Beautiful girl with ripe melon

The key to a healthy glow is not in your tanning cream, but it may be in a sweet potato. A recent study found that those people identified with a yellow “glow” to their skin were viewed as the most beautiful. Mirror, mirror on the wall who’s the yellowest of them all? Fruit and veggie eaters. That’s right, the study found that the prettiest people were the ones who ate the most fruit and veggies packed with carotenoids.

Carotenoids don’t just make us look good but act as antioxidants as well, which when consumed in our diet might be beneficial in reducing the risk of heart disease, some cancers, urinary tract infections, and possibly even lengthening our lifespan.

Carotenoids include lycopene, carotenes, lutein and zeaxanthin. You can find them in:

  • Alpha- and beta-carotene: Pumpkin, sweet potatoes, cantaloupe, spinach, carrots
  • Lycopene: Tomatoes (cooking increases the lycopene content), watermelon, pink grapefruit
  • Lutein and zeaxanthin: Spinach, kale, collards, broccoli, zucchini

Carotenoids are best absorbed when eaten with fat, so make sure to include a little olive oil, avocado or nuts when eating these fruits and veggies to get the most out of them.

Now instead of having your next facial, you can save some money and toss a salad instead!

Comments

  1. ooh love this beauty remedies. i’m pretty sure my mom would love this information too. thanks!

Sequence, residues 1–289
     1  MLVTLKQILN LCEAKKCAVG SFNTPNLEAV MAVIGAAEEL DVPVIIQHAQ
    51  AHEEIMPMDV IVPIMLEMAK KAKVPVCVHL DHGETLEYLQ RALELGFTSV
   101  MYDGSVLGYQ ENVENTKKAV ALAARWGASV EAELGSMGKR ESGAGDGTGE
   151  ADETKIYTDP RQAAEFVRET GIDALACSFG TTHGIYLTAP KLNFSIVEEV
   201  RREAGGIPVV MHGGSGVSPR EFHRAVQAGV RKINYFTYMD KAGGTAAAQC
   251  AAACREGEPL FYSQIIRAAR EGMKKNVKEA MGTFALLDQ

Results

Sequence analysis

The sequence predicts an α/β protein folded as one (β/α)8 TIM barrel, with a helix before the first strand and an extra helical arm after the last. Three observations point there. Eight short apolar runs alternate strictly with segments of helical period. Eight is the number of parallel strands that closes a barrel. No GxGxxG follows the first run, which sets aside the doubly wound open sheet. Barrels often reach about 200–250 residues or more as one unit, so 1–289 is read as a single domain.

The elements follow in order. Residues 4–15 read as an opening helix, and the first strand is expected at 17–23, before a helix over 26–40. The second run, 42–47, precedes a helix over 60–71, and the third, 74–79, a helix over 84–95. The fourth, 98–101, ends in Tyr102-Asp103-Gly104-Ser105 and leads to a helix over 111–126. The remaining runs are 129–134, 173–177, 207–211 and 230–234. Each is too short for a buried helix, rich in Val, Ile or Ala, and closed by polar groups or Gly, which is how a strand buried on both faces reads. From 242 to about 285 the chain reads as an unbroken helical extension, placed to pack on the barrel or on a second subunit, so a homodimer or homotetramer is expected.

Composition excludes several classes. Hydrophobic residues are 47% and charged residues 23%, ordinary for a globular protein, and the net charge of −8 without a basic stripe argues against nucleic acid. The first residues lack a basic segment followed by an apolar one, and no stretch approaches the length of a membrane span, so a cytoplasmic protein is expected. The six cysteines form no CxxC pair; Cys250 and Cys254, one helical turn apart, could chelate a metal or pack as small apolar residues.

2. ayurveda says:

    another benefit of sweet potato is that Sweet potatoes are rich in beta-carotene, which in the body is converted to vitamin A. Vitamin A acts like an antioxidant to prevent cell damage and premature aging. It helps skin to produce new cells and rid the skin of old cells.

  3. Mariah Care says:

    There is no other good things than having a clear glowing skin. Having a nice skin is a pride, it makes women even more beautiful, more attractive, and being attractive could boost confidence.

  4. Wave59 says:

    The court ruled unanimously in Nix v. Hedden that a tomato is correctly identified as, and thus taxed as, a vegetable, for the purposes of the Tariff of 1883 on imported produce.

About Erica Giovinazzo

Erica Giovinazzo is a graduate student of Clinical Nutrition at New York University. She has served as the Chair of the Student Committee of the Greater New York Dietetic Association, the ADA Student Liaison for New York University, and a volunteer with Keri Gans Nutrition, God's Love We Deliver, and the New York-Presbyterian Hospital Nutrition Department. In the coming year, Erica is delighted to be in the NYU Dietetic Internship, and complete the training to become a Registered Dietitian.

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